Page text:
The couple is eventually forgiven and allowed back to court, where they rise in favour with the ruling house of Lancaster. Jacquetta and Richard Woodville are allies to Henry VI and his French bride Margaret of Anjou, Jacquetta’s kinswoman, but the royal couple become increasingly unpopular. No thanks to favouritism and the lavish of titles and land to select nobles, rivalry between the houses of Lancaster and York come to a head. Margaret of Anjou falls pregnant with the heir to the throne, although it is heavily implied that the baby was fathered by the court favourite Duke of Somerset. To make things worse, the king falls into a coma, and civil war breaks out. Jacquetta, her husband and their allies are now forced to navigate a dangerous minefield as the country descends into chaos.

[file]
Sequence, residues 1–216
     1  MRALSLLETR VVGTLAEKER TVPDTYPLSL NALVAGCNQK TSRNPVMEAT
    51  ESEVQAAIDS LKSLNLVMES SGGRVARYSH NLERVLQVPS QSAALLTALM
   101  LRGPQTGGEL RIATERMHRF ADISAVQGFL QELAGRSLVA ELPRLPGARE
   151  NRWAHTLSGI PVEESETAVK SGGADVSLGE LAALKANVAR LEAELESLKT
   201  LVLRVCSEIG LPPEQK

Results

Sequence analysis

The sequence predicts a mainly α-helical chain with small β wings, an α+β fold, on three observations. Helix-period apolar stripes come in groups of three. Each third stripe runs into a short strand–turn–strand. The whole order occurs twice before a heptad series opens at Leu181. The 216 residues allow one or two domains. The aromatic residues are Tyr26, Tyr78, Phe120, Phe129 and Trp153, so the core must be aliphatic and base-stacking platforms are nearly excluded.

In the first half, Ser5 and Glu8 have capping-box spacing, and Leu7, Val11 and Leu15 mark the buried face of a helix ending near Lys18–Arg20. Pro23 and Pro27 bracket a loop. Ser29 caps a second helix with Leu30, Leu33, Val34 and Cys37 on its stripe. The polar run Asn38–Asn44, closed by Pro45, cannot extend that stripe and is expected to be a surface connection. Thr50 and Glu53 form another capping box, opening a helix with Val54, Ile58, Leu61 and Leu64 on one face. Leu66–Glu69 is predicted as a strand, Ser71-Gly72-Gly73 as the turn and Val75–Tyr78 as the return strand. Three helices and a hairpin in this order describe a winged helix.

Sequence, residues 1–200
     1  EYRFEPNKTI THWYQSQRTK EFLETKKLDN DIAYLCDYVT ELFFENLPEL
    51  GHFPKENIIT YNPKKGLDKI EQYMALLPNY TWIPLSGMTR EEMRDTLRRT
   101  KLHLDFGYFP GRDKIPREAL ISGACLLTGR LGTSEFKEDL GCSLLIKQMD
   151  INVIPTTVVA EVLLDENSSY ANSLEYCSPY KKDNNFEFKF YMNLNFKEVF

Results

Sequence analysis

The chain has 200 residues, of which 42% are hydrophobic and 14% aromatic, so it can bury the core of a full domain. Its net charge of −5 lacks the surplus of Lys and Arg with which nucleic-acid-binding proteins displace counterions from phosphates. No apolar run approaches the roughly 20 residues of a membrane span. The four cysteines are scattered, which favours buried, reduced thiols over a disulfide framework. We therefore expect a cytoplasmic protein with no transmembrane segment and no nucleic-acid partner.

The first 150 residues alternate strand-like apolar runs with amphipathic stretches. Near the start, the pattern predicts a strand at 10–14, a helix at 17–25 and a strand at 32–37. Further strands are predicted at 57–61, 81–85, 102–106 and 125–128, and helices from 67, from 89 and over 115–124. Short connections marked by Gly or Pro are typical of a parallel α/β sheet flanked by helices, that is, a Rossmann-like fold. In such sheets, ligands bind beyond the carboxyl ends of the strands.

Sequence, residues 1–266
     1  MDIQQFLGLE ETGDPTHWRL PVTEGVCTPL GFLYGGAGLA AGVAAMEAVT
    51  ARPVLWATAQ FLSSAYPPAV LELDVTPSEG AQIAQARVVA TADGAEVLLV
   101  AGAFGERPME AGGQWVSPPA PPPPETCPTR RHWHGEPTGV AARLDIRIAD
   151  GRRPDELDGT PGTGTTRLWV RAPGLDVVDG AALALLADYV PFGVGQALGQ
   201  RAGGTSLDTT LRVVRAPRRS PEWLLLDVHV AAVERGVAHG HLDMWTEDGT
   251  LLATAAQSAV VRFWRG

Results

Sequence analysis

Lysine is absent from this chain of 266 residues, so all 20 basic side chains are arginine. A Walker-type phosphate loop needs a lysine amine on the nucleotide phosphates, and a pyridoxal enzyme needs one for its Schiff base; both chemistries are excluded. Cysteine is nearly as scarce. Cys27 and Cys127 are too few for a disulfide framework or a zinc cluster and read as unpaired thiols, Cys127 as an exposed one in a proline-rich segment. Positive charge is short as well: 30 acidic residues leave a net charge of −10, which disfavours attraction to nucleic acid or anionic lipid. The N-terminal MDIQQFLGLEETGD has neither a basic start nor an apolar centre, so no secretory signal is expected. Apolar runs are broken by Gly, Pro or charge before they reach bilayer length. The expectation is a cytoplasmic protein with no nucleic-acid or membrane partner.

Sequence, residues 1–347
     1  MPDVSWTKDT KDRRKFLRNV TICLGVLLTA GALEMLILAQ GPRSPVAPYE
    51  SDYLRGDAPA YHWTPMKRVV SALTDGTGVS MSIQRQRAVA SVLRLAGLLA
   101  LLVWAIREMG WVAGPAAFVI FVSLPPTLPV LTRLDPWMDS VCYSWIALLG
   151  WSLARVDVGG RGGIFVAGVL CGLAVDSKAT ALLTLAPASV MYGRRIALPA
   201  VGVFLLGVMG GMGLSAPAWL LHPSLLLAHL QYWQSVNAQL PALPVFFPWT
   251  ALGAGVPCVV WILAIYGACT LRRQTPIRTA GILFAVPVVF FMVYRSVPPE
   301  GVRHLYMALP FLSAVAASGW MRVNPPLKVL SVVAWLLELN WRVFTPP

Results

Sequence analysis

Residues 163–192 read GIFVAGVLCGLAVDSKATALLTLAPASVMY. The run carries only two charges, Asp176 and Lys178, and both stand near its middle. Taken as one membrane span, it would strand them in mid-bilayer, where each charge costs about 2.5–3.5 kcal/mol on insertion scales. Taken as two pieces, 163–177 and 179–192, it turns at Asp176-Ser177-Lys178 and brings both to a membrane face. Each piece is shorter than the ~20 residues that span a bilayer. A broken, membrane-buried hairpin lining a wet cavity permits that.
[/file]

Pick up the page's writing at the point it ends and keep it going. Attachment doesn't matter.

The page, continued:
Verdict 

The Lady of the Rivers is signature Gregory, woven around a central female character full of fiery passion and a refusal to go quietly into the night. Gregory’s protagonists are never shrinking violets, but actively working behind the scenes to secure their future and ensure the survival of their families and loved ones. As a character, Jacquetta seems to crave a quiet life surrounded by her husband and her children, but cannot resist a higher calling and is torn between her sense of loyalty for her household and doing what is right for the country. Jacquetta’s foresight does not give her much relief, as even though it is told as if she has the power to foresee certain events or what may come to pass, she is often powerless in doing anything to stop or change what is to come.